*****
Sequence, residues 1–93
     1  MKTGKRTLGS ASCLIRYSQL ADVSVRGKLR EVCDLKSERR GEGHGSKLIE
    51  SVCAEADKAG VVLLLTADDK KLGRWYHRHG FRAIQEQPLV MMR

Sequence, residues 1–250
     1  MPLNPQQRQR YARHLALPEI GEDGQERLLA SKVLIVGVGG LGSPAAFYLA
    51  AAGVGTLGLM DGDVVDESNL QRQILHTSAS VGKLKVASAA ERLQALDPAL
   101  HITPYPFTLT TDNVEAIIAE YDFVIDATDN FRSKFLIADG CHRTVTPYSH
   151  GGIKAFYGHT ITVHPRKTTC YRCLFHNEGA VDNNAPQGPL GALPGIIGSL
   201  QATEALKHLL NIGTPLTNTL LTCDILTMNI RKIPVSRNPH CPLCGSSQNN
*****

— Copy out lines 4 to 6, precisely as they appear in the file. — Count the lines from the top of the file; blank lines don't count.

Sequence, residues 1–250
     1  MPLNPQQRQR YARHLALPEI GEDGQERLLA SKVLIVGVGG LGSPAAFYLA
    51  AAGVGTLGLM DGDVVDESNL QRQILHTSAS VGKLKVASAA ERLQALDPAL